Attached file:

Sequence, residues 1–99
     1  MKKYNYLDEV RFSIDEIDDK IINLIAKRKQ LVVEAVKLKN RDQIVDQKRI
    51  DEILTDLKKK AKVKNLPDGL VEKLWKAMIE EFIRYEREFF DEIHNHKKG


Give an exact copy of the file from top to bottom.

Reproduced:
Sequence, residues 1–99
     1  MKKYNYLDEV RFSIDEIDDK IINLIAKRKQ LVVEAVKLKN RDQIVDQKRI
    51  DEILTDLKKK AKVKNLPDGL VEKLWKAMIE EFIRYEREFF DEIHNHKKG